Yangon was Burma’s capital during the British occupation, and remains one of its main business centres. The city is booming so fast that it feels a bit like a teenager that’s quickly outgrowing its clothes. We had a little taste of the “expat life” for a weekend, guided by Mr & Mrs J. He’s actually becoming so local he’s now rocking the longyi style! Next thing you know, he’ll be chewing on betel… https://instagram.com/p/xMUPV0SnTo/ I’m not sure why but the French must love Myanmar, as the authorities count as many as 600 foreign nationals living in the Country (growing up to 90% per year). The same goes for tourists apparently, as French tourists are the most numerous to visit. Generally speaking the growing number of European and other western expats living in Yangon reflects the fact that the Country is at a turning point: the “big question mark” as Professor Robert H. Lieberman describes it. Indeed, daily conversation topics range from “what will the 2015 election mean for the Country and its legal framework” to “when is the next visa run to Bangkok?”, and of course to “where can I find some baking chocolate?”.
Many expats, all with different stories but common complaints: difficulties to find a suitable accommodation in a growing city where housing is actually not that cheap; impossibility to get a long-term visa (for now at least); lack of places to find fresh salads and western healthy food…so many obstacles that could turn into great business ideas? Yes, but not always. Foreigners are officially allowed to own no more than 49% of properties & companies, making Myanmar investors open to partnership a hot commodity! I’m glad I saw Mr & Mrs J (loving that new nickname) well settled in a cosy apartment and with a few business ideas up their sleeves!! As for us, for a weekend only, we marvelled at British car models with their steering wheels on the left driving on the right side of the road while stuck in traffic; bought Myanmar-baked croissants; crossed streets featuring a Buddhist temple, a Christian church and a mosque; had cocktails the colonial way; marvelled at the giant reclining Buddha. In term of tourism we very much enjoyed the free walking tour run by Gino. Thanks again, we had a great time listening your tales of Yangon, but also exchanging views with the group and …playing chilone!!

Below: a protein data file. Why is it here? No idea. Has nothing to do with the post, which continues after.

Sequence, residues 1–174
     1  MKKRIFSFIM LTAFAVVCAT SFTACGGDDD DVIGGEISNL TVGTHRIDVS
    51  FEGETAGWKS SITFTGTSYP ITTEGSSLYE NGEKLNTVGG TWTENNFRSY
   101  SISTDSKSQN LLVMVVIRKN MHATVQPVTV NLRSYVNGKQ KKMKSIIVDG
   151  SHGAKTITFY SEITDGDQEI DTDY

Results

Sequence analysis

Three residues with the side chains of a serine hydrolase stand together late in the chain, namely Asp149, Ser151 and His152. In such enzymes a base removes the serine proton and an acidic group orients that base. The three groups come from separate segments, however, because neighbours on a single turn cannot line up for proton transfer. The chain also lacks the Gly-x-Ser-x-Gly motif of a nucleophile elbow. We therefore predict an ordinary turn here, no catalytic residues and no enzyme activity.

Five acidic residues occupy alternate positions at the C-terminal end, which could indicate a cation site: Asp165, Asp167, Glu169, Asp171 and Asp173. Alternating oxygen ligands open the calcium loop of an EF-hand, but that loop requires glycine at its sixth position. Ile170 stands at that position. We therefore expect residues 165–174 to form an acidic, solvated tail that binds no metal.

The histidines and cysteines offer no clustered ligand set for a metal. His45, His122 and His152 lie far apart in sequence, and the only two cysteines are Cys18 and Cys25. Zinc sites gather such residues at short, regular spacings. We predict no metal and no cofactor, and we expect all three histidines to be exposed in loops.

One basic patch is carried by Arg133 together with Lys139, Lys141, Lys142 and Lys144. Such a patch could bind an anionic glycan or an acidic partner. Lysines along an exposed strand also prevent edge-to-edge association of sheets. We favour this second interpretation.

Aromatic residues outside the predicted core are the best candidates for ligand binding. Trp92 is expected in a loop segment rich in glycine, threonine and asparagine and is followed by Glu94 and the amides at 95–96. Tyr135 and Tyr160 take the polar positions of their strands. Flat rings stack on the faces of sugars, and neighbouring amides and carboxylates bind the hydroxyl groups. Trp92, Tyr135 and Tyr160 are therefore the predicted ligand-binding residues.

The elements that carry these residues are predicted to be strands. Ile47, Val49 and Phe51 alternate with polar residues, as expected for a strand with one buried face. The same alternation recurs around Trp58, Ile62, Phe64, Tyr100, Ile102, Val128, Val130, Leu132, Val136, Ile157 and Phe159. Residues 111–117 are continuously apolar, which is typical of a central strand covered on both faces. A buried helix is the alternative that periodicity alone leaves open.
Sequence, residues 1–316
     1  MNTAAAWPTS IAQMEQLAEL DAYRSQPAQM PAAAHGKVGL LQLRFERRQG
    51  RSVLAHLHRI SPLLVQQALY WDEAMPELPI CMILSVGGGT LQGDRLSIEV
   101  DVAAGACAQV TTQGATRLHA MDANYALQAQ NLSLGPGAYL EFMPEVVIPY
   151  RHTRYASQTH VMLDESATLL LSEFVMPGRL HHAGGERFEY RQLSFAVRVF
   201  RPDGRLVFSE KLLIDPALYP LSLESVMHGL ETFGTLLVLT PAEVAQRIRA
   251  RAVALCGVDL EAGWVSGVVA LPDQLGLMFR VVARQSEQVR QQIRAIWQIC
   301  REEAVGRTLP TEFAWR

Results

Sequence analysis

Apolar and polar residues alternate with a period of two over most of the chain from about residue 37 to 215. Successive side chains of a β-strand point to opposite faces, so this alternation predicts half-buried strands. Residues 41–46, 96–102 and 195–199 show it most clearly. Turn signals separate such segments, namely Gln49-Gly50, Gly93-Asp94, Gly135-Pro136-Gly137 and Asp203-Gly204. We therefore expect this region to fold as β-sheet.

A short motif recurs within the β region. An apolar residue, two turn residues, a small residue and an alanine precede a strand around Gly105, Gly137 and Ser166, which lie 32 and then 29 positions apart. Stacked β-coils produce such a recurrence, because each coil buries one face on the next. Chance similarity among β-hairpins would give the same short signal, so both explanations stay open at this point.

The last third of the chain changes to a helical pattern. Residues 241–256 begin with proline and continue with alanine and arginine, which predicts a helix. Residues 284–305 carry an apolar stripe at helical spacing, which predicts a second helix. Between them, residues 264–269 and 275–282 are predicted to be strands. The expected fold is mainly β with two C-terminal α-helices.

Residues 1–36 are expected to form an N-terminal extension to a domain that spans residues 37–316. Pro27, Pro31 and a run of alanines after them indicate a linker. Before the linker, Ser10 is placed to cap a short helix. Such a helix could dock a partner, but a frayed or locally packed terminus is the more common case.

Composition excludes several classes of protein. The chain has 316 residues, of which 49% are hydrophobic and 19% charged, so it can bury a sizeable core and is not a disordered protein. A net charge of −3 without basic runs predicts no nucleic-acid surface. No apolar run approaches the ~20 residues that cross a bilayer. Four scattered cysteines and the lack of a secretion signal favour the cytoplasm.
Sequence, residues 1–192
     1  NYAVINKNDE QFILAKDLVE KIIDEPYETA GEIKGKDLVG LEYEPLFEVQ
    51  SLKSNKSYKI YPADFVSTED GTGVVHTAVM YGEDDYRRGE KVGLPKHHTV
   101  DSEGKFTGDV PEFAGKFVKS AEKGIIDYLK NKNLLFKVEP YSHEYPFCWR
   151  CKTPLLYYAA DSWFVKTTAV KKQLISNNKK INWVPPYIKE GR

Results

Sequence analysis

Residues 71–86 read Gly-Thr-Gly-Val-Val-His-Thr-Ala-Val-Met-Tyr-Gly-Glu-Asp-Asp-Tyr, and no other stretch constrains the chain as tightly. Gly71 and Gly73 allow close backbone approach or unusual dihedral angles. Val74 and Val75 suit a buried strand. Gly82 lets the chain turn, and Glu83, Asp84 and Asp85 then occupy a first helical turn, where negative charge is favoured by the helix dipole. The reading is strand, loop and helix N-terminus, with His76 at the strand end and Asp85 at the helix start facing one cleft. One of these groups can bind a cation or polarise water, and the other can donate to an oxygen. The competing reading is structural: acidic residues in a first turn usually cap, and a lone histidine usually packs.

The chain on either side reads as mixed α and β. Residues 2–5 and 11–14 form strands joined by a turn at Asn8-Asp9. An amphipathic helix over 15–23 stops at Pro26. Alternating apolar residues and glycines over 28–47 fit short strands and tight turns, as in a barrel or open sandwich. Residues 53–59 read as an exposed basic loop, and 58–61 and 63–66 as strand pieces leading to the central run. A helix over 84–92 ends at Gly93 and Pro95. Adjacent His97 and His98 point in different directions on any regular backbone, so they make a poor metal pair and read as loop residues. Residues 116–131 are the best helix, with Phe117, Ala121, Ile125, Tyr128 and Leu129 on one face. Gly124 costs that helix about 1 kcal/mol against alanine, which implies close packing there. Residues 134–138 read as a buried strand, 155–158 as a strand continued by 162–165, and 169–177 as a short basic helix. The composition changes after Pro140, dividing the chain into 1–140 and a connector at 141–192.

And obviously, we had to go and see the Shwedagon Pagoda, featuring one of the biggest stupa in the world and containing relics of the four Buddhas. It’s a puzzling sight at first, very crowded with tourists, prayers and monks; or sometimes all in one really, as we were welcomed by monks taking selfies on their ipads (really!?)…the temple is overlooking the city and stretches over a large area, with dozens of shrines and stupas. Legends and stories are, in my opinion, the most exciting part of such a site. I found the legend of the Pagoda on this page, I found it very interesting but poorly translated, so if anyone has a better version of it please let me know!
Rangoon Hail, Mother! Do they call me rich in trade? Little care I, but hear the shorn priest drone, And watch my silk-clad lovers, man by maid, Laugh ‘neath my Shwe Dagon.
A few articles and points of views on the topic: Expats in Myanmar The expat burden in Myanmar – on the The Myanmar Times A make or break year for Myanmar – on The Diplomat In Orwell’s footsteps – a photo album published on the NYT 36 hours in Yangon – by the NYT, with restaurants and good eats lists The Economist Intelligence Unit country report, always a good go-to page